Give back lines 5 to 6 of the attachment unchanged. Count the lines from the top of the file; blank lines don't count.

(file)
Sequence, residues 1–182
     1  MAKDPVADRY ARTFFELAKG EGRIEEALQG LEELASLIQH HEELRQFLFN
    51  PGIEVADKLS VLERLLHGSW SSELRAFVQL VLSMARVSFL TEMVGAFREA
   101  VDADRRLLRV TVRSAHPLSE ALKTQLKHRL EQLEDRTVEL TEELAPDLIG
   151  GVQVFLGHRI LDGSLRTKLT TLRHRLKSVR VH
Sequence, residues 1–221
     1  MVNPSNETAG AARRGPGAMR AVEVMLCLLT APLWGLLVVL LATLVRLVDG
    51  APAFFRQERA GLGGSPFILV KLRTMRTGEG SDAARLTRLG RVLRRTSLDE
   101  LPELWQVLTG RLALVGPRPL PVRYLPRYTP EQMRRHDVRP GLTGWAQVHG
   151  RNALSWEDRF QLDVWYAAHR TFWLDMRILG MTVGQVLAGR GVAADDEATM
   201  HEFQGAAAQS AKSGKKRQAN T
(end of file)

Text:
   151  GVQVFLGHRI LDGSLRTKLT TLRHRLKSVR VH
Sequence, residues 1–221